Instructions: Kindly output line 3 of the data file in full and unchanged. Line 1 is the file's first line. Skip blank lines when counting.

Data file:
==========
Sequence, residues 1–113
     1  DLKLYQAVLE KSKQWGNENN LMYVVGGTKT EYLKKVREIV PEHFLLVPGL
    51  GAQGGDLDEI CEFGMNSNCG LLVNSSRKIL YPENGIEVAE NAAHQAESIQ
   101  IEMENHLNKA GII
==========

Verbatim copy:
    51  GAQGGDLDEI CEFGMNSNCG LLVNSSRKIL YPENGIEVAE NAAHQAESIQ